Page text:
Miller finally ruled out Fibre Channel due to its relative complexity and high cost. “The additional support and overall costs associated with Fibre Channel were much bigger [than with iSCSI], down to the cables,” Miller said.
Miller considered solutions from several iSCSI vendors, including Network Appliance, EMC, EqualLogic, Intransa, StoneFly and LeftHand Networks.
He ultimately decided to purchase a NetApp FAS3020 iSCSI appliance with dual controllers, based in part on performance cited by independent testing. Miller also found NetApps service offerings to be compelling.
The initial cost—including software, hardware, support and professional services—was $184,000, according to Miller.
FoxHollows iSCSI project comprises three phases, two of which have been completed. The deployment of the FAS3020 appliance was finished in the third quarter of last year, and Microsoft Exchange Server 2003 mail stores were migrated in December to the FAS unit running iSCSI.
Some 175 salespeople at the company rely on Microsofts Outlook as well as Palms Treo 650 smart phones to sell the companys flagship product, the SilverHawk Plaque Excision System, a catheter system designed for the removal of plaque from arteries. Sales-related e-mails have been proliferating rapidly, and the FAS3020 has relieved the Exchange servers of their 170GB load.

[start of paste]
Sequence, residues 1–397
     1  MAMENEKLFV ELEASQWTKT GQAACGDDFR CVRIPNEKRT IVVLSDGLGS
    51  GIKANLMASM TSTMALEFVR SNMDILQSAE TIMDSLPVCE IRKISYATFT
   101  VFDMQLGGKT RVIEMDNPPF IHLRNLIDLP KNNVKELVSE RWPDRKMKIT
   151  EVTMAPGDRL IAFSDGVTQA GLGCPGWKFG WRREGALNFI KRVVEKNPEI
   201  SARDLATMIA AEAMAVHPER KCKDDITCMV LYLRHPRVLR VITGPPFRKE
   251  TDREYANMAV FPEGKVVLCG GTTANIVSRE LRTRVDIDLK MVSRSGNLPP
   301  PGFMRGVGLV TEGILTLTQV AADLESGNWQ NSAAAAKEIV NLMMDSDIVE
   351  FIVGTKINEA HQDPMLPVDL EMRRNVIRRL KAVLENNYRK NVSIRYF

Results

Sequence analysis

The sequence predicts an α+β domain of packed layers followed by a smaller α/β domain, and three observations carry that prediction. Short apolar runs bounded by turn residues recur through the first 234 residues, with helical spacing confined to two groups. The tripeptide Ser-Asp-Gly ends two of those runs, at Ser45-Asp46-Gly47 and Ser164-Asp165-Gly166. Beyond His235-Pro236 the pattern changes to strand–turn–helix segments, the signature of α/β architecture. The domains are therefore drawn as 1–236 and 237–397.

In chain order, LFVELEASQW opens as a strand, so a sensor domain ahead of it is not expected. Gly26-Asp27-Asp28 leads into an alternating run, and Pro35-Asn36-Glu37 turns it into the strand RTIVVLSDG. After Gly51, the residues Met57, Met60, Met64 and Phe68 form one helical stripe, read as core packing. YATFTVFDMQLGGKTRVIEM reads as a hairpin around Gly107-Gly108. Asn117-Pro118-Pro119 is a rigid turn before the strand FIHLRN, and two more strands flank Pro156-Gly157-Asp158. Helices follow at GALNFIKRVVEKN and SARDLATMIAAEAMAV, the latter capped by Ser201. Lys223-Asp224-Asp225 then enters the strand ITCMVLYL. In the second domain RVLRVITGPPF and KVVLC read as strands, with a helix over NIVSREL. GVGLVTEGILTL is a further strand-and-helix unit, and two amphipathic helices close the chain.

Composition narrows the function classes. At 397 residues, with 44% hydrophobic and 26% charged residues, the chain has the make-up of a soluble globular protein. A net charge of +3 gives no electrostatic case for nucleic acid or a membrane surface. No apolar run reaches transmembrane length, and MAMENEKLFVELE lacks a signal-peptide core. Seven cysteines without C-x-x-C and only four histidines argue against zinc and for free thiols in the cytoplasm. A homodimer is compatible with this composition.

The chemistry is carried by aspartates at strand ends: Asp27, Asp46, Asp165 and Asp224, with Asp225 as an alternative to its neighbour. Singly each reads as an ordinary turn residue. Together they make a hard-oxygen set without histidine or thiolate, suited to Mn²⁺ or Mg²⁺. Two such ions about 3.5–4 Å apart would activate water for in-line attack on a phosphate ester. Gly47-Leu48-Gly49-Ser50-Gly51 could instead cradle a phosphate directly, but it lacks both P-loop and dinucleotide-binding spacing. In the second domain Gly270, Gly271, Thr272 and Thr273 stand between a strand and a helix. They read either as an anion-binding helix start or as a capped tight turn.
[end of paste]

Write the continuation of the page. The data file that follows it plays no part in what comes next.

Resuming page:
The third phase of the project, which Miller and Gutierrez are working on now, is moving the companys ERP (enterprise resource planning) system data stores to the FAS3020 unit.
The initial deployment of the project was handled by FoxHollows IT staff, NetApp professional services and Integrated Archive Systems, a NetApp VAR and integrator located near FoxHollow.
In addition to the FAS3020 iSCSI appliance, FoxHollows production environment includes an updated SDLT 320 ADIC Scalar SDLT 100 tape library and a Data Domain DD430 for disk-to-disk replication. Miller also completed a backup software migration from Veritas BackupExec 10 to CommVaults Galaxy 5.9.